Time Spent Organizing Design Files & Closing Out the Project

Organizing files is a dreadful task, but it must be done. If not already accounted for in your “Time Spent Designing” bucket, be sure to add a handful of hours to this category, depending on the project scope. Especially when you are closing out a project, you want to ensure you can easily find files in the future should the client ask for them again. (Many will).

Fixed Costs

Graphic Designers have fixed costs to worry about too. Namely,

  1. Graphic Design Product Subscriptions
  2. Other Business Tool Subscriptions (like Project Management and Communications softwares)
  3. Workspace Costs
  4. Computer Setup and Design Tools
  5. Total Employee Costs

You have to pay for these things monthly, or for items like your computer setup, saving for maintenance or replacement of components should be an ongoing consideration in your business budget.

Variable Costs

Some variable costs, like…

  • Storage Space for Files
  • File Sharing Fees
  • Stock Imagery Fees
  • Contractor Fees

…should all be accounted for in the price of your project.

Should You Charge By The Hour?

If it were up to me, no creative anywhere would charge by the hour. But it’s not up to me. It’s up to you whether or not you think charging by the hour is the best way to go-to-market with your talents.

I recommend that you be aware of where your time is spent, define for yourself what your goal earnings per hour worked are, and then calculate a project or design retainer price from there. A lot of heartache for you and the client can be saved and your interests will become much more aligned with the client’s interests.

How Much Should You Charge for a Logo for a Friend?

“My friend Suzy asked my to design her new band’s logo. I’m really flattered she asked and it’d be super fun! I know she can’t pay much, but something is better than nothing, right?”


As a rule of thumb, I don’t recommend taking on any graphic design work for less than $1,500. Yes, this will mean your friend Suzy can’t pay you $75 to design her new band a logo. But it doesn’t mean you can’t design the logo for Suzy. You should probably just do it for free- as a gift. Otherwise, you’re just losing money on it, and even the IRS may consider what you’re doing a hobby, not a business.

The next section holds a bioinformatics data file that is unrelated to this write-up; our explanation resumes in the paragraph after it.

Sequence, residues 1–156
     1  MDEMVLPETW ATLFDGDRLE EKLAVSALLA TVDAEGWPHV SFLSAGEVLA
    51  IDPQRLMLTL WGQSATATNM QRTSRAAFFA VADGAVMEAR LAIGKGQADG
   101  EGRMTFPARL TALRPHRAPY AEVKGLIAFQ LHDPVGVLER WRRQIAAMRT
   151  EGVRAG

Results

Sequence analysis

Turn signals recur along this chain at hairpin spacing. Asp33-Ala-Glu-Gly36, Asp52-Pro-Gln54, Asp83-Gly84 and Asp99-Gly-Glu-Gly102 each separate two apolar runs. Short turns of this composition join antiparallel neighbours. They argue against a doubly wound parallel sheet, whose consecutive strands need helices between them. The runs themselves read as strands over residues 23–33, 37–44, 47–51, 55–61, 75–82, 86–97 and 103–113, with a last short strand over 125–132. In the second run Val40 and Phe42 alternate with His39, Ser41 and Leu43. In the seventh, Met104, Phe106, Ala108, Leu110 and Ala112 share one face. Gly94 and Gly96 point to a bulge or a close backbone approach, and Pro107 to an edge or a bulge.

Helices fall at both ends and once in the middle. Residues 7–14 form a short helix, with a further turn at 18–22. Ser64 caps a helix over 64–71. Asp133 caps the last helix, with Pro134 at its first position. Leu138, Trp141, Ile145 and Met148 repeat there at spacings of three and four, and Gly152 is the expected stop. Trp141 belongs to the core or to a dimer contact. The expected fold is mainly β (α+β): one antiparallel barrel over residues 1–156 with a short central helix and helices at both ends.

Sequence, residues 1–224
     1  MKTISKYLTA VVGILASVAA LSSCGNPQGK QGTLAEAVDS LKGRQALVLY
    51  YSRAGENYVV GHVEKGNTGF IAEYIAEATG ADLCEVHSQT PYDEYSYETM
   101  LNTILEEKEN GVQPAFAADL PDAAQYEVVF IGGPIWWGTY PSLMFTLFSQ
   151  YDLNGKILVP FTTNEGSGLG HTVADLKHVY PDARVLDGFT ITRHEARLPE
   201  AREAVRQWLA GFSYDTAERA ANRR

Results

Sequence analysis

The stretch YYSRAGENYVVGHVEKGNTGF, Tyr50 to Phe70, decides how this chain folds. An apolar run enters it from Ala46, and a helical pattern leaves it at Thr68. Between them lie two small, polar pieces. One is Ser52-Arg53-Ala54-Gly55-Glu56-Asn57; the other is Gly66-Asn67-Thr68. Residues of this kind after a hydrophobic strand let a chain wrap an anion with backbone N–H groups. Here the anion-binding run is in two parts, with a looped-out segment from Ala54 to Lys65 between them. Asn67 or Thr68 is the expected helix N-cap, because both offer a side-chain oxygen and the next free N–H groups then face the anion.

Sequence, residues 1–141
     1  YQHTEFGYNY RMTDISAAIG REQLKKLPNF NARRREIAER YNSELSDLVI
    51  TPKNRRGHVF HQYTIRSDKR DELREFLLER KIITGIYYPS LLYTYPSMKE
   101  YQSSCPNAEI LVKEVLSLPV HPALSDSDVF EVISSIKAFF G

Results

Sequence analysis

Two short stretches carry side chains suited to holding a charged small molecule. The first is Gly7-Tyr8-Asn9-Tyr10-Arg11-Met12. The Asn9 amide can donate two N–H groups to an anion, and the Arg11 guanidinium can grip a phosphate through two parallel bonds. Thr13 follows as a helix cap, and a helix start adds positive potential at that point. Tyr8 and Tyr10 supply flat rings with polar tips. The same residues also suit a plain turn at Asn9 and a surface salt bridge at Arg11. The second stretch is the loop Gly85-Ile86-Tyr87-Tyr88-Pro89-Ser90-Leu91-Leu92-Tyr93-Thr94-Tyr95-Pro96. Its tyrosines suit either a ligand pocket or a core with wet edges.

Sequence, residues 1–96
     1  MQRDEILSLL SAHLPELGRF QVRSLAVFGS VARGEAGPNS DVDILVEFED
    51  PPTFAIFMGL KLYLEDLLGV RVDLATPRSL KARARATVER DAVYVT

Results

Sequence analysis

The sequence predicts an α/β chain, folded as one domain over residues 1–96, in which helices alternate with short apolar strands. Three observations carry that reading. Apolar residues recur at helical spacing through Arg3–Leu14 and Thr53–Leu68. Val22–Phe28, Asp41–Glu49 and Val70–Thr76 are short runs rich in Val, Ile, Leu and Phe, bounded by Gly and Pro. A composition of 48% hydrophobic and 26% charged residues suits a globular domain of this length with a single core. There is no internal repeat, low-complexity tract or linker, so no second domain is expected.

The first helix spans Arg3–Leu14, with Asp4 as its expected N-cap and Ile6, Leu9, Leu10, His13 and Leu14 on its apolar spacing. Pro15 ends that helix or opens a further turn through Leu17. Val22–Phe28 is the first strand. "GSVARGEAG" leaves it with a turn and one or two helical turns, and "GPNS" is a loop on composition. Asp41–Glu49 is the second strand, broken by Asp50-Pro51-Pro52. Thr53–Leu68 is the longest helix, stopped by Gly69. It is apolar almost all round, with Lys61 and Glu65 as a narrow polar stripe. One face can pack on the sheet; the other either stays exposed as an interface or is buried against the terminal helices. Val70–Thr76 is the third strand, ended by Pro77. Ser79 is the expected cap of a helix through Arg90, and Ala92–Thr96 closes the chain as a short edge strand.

So, how much should you charge for a logo for a friend? Probably nothing, if your situation is like most “my friend asked me to design their logo” situations.

Your design skills are valuable and your time is finite.

  • Respect your time.
  • Respect your skills.
  • Charge what you are worth.

And if you want to do pro bono work on projects you genuinely WANT to do, but who can’t afford your standard rate, then go for it! Almost guaranteed the relationship in that scenario will be much healthier (and you will feel better).

Building a successful marketing agency takes grit, a focus on your value, and sometimes a *loving* kick in the pants.

Needing an ally as you achieve your long-term goals?

I’d be happy to help.

Danielle Fauteaux, Agency Coach

Danielle Fauteaux

Hi! I’m Danielle. I’m passionate about helping creatives recognize their value and place in this world, passionate about helping leaders regain control over their responsibilities, passionate about encouraging others to live more meaningful lives; and passionate about doing more with less. I guide creative firms through the Momentum Framework to achieve their revenue and profit goals while falling back in love with the mission they originally set out with.